Advanced Glycosylation Endproducts and Crosslink Drugs Bonding between glucose molecules and proteins leads to the buildup of glucose molecules on protein surfaces. Dubbed Advanced Glycosylation Endproducts (AGEs), these glucose-protein complexes are also thought to lead to the formation of protein crosslinks as multiple proteins become associated with the AGE complex. These crosslinks are thought to be a major marker and possible impetus in aging in general, an often cited example of crosslinking being the wrinkling of the skin. Recently the role of these AGEs and crosslink complexes have gained attention within the context of diabetes and also with the development of a number or novel drugs.
Diabetes is a disease wherein the pancreas is incapable of secreting enough insulin to metabolize the glucose from our food, resulting in high blood sugar levels. Over time high blood sugar levels lead to increased AGE formation, and subsequently the crosslinking of proteins. Ramipril is a drug used to lower the blood pressure of diabetic patients and it has stopped the buildup of AGEs in diabetic rats. It belongs to a class of drugs called ACE inhibitors, for their ability to block the action of "angiotensin converting enzyme." The specific mechanism of these drugs efficacies in glucose regulation isn't completely clear, but it is interesting to think of the role similar drugs might play in the future with non-diabetic patients. Might the blocking of AGE buildup be accomplished by similar drugs in patients without diabetes? Side effects of ACE inhibitors might not grant them such a role, but they're not the only drugs on the market for combating AGEs and crosslinks.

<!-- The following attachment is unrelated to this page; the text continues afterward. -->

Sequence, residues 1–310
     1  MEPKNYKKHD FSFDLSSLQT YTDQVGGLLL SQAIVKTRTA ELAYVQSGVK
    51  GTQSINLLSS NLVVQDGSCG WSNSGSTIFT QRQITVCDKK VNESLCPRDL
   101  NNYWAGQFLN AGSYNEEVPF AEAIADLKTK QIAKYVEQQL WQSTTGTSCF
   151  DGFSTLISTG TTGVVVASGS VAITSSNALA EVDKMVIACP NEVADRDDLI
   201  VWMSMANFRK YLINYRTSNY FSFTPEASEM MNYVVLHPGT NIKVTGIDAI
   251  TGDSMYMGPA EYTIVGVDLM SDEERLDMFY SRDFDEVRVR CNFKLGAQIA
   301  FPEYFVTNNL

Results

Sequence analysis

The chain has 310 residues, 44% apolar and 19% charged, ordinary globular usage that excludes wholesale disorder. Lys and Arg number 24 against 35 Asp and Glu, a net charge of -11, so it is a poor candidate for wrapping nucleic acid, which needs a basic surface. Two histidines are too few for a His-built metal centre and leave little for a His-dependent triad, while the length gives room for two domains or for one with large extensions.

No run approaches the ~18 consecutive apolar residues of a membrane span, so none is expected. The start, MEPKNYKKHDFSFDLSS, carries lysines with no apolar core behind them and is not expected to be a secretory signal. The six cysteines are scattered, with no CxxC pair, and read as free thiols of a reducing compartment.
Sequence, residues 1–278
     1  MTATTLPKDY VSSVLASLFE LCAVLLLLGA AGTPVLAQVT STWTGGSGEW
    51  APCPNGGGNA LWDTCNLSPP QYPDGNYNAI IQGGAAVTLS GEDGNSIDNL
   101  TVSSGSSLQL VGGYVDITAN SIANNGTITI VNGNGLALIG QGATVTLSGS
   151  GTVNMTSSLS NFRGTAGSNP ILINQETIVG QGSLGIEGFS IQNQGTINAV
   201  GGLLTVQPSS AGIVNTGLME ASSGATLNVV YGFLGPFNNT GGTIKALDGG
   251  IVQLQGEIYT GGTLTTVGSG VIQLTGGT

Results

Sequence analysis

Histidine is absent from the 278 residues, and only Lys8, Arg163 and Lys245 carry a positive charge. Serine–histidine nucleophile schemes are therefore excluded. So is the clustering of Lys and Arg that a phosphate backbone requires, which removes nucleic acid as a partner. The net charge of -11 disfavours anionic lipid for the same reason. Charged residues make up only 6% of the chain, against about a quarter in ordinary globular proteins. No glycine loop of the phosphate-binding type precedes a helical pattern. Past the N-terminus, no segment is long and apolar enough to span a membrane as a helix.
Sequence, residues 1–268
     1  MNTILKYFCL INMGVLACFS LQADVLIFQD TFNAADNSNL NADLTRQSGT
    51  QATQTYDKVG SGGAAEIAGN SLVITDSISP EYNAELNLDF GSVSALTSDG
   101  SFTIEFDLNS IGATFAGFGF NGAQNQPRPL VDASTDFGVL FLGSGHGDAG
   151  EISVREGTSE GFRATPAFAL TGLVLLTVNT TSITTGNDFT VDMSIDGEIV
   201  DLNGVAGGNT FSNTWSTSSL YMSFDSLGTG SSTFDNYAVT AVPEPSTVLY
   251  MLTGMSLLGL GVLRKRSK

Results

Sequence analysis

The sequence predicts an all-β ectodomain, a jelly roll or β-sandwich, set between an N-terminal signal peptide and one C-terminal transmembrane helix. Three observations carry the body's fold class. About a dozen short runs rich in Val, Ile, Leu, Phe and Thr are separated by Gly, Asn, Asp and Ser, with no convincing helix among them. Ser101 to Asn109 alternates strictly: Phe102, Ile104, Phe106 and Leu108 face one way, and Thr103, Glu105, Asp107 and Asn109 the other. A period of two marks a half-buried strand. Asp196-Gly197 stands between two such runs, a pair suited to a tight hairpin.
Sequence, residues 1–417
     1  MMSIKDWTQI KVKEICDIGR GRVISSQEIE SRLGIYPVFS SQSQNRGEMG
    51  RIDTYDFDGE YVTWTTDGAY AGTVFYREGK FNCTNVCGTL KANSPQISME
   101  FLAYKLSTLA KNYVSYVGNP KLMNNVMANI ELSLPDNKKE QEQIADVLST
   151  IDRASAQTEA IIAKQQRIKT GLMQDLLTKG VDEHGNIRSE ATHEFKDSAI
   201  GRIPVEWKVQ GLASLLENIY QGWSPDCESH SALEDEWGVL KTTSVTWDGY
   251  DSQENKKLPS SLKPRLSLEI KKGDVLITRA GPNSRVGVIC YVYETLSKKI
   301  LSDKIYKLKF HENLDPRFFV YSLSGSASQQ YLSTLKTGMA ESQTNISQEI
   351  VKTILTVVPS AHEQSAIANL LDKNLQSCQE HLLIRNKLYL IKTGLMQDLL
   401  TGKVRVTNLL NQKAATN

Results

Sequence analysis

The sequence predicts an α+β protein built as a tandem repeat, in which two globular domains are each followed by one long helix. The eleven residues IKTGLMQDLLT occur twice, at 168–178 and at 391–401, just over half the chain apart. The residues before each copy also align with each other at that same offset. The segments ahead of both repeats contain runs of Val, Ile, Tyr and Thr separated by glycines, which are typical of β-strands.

Alteon, in Ramsey New Jersey, has developed drugs that inhibit the formation of crosslinks, as well as break them. They've completed Phase II/III trials with Pimagedine, an agent that inhibits the formation of AGEs. ALT-711 has reached Phase II trials as a crosslink-breaking agent. Hopefully, as more experiments pan out, the resulting data will be as good as the preliminary results seem. Such drugs could have far reaching implications for the attentuation of aging. Crosslinking seems to be a major component of aging, and thus as agents for treating pathologies like diabetes become more refined, the developement of agents that slow glycosylation or resolve AGE-related diseases in non-diabetics holds more potential for increasing longevity.